Sounds and Silences of the Troubles
Who has the right to speak? And in what way? These are the questions at the centre of a new experimental opera-film, History of the Present, which received its world premiere at the Belfast International Arts Festival on 19 April. The opera-film, co-directed by Belfast-born writer Maria Fusco and Glasgow-based film artist Margaret Salmon, with new music by composer Annea Lockwood, is a provocative challenge to official history-making, timed to coincide with the twenty-fifth anniversary of the Good Friday Agreement.
The premiere took place in the Queen’s Film Theatre. On the same day, only a few hundred metres away, British Prime Minister Rishi Sunak, former US President Bill Clinton, former US Secretary of State Hillary Clinton and Irish Taoiseach Leo Varadkar were meeting to mark a quarter-century of hard-earned, uneasy peace. While politicians met to reinforce official narratives of post-conflict Northern Ireland, nearby in the Queen’s those narratives were being deconstructed.
Made of fragments
History of the Present is a piece made of fragments, with a libretto by Fusco at its heart. Now a Professor of Interdisciplinary Writing at the University of Dundee, Fusco was raised in the working-class Ardoyne district of North Belfast, and her childhood was marked by the violence of the Troubles. With her opera-film, Fusco and her collaborators intend to amplify working class women’s voices, in the context of their traumatic histories in the North. The result is a poetic blend of voice, sound, image and movement – a piece that frustrates genre and category, revealing a line of unanswered questions.
The opera-film opens with a black frame and silence. Gradually, resonant metallic sounds rise up from the darkness. This is the score by pioneering electro-acoustic composer Annea Lockwood. To create the soundscape of the piece, Lockwood and her team used various methods of field recording on location at the Ardoyne ‘peacelines’ – the walls of demarcation separating Loyalist and Nationalist communities in Belfast. The composer employed innovative recording techniques to ‘play’ the peacelines: stroking the metal walls with a fragile leaf; gently striking them with stones; sliding the heavy locks on gates to create resonant, droning sounds. These sonorities convey the weight and materiality of the dividing infrastructure, and they provide a dynamic bed for the other layers of the piece. In a memorable sequence in the opera-film, we see Lockwood – studio headphones on – coaxing sounds from her found instrument.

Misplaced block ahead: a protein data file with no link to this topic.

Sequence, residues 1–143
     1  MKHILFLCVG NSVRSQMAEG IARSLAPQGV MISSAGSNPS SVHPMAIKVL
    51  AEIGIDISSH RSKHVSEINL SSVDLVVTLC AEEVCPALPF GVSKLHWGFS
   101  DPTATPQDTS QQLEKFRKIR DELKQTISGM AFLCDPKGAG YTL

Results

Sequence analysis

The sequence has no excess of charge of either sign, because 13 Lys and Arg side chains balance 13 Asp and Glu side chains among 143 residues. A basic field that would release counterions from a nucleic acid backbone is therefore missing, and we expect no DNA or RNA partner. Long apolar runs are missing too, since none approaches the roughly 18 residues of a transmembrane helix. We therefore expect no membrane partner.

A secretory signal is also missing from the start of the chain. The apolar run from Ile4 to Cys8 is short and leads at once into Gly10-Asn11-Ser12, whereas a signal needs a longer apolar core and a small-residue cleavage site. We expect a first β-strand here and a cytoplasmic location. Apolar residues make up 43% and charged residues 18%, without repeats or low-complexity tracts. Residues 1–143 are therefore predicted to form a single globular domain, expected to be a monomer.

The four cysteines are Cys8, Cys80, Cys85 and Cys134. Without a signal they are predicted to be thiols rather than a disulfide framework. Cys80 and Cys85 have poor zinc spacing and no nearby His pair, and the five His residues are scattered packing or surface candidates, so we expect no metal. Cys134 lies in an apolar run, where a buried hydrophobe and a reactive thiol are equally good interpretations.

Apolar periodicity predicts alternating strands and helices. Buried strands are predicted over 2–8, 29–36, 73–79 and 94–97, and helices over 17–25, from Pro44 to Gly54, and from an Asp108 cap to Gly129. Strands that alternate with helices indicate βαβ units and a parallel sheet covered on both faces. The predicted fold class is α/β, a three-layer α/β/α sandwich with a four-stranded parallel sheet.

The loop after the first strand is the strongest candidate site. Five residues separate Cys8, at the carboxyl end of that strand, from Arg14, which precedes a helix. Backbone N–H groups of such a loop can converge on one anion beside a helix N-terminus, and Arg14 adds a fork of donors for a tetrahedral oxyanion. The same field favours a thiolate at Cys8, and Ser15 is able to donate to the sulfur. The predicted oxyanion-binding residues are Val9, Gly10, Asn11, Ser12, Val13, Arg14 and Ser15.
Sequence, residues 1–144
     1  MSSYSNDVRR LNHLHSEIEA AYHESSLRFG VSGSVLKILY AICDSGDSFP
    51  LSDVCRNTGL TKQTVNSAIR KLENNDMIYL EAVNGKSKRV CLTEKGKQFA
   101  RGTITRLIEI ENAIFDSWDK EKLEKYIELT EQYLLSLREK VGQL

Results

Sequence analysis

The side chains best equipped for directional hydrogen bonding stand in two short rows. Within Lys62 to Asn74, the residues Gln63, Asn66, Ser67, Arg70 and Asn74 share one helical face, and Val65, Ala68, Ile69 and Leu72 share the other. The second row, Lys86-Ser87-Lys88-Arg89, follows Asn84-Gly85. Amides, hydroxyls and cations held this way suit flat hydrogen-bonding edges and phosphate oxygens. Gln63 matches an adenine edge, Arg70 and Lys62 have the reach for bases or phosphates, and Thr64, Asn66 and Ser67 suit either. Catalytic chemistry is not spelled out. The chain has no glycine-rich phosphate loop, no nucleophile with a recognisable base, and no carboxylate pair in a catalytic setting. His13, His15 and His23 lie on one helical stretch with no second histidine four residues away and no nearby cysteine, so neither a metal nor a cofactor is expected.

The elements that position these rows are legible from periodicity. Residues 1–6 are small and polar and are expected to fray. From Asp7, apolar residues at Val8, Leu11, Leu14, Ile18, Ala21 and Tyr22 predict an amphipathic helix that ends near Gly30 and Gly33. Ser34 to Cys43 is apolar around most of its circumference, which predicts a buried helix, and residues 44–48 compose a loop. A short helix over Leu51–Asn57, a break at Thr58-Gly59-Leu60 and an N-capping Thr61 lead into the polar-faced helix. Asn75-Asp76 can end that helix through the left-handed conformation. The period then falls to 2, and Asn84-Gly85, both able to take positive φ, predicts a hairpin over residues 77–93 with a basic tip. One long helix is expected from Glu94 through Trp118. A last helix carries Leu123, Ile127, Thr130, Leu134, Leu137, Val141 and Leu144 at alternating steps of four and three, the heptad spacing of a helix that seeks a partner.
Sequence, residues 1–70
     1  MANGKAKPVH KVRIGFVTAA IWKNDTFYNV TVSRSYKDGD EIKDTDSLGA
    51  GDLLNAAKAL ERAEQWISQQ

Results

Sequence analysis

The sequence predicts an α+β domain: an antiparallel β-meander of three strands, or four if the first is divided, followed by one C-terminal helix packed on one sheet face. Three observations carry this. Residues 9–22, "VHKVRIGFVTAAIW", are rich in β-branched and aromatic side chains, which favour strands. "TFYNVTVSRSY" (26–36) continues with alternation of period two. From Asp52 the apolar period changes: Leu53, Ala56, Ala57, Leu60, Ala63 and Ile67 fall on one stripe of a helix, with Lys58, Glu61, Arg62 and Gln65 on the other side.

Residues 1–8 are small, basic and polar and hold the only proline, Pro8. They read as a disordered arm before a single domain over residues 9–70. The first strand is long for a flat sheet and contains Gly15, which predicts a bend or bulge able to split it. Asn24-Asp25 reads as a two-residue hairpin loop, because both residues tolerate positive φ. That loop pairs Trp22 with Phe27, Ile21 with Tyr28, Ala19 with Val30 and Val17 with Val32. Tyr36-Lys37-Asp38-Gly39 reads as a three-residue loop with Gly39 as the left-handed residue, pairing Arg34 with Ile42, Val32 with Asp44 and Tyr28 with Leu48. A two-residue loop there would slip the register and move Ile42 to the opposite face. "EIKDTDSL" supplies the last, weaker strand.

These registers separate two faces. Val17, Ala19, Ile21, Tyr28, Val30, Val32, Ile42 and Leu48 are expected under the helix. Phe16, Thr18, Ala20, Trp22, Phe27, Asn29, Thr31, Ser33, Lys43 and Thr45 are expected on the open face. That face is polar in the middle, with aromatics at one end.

After a sonic preamble, we are thrust into light. Singer and improviser Héloïse Werner is stark against a white background. ‘A bit louder,’ she says, to someone off camera. ‘A bit louder still.’ For a long moment, she closes her eyes and listens. And then, eyes half-opening, as if in a trance, Werner expels a series of extraordinary sounds. The viewer isn’t made aware until the closing credits, but Werner is improvising to sounds carried through an earpiece. Sounds of violence, deeply familiar to those who lived through the Troubles: helicopters, Saracen tanks, police sirens, gunfire. The uncanny technique, repeated throughout the work, is riveting. Werner’s voice is exposed and alone. Her powerful, committed performance is deeply effective.
Why is this an opera?
Fusco initially developed History of the Present through a Royal Opera House Engender Fellowship, an initiative aimed at achieving gender equity in opera and music theatre. At the outset of the project, she was asked, ‘why is this an opera?’ Her answer, in the form of the opera-film, is that the human voice has the capacity to hold and to handle history: ‘history enters the body through sound, and exits the body through the voice.’
Salmon’s intimate, illuminating camera work captures the moments when these traumatic histories are sounded, sometimes violently, by Werner. We see the raw physicality required by the improvisatory techniques.
The opera-film was shot on 35mm, and like Lockwood’s recording techniques, this cinematic choice gives weight to the visual dimension of the piece. Fusco and Salmon made the conscious decision not to use archival film footage of the Troubles, and instead to document scenes from contemporary Belfast: the port, the streets of Ardoyne, the peacelines, ordinary people going about their ordinary lives. Small connections. Subtle divisions.
Behind Salmon’s images of the present, Fusco’s libretto, Lockwood’s score and Werner’s performance haunt the piece with sonic memories of violence.
Throughout History of the Present, voices from the past are introduced through archival audio recordings from Fusco’s collection. We hear conversations of working-class Belfast women talking around a kitchen table, ignoring briefly the conflict outside.
Perhaps the most emotional moment of the piece comes with an old audio recording of Fusco as an infant, imitating the tones and inflections of her mother’s voice. The child utters mostly nonsense. An inarticulate music. But close listening reveals a voice learning, slowly but surely, to speak for herself.
Published on 27 April 2023
Jonathan C. Creasy is a writer, musician and filmmaker based in Dublin, where he teaches on the Creative Writing faculty in UCD.